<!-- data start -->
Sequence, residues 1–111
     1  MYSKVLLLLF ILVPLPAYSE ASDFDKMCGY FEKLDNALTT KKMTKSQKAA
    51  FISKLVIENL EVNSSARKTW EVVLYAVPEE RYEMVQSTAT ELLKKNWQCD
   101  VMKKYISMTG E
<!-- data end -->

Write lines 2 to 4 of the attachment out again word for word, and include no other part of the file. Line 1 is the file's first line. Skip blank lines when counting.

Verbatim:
     1  MYSKVLLLLF ILVPLPAYSE ASDFDKMCGY FEKLDNALTT KKMTKSQKAA
    51  FISKLVIENL EVNSSARKTW EVVLYAVPEE RYEMVQSTAT ELLKKNWQCD
   101  VMKKYISMTG E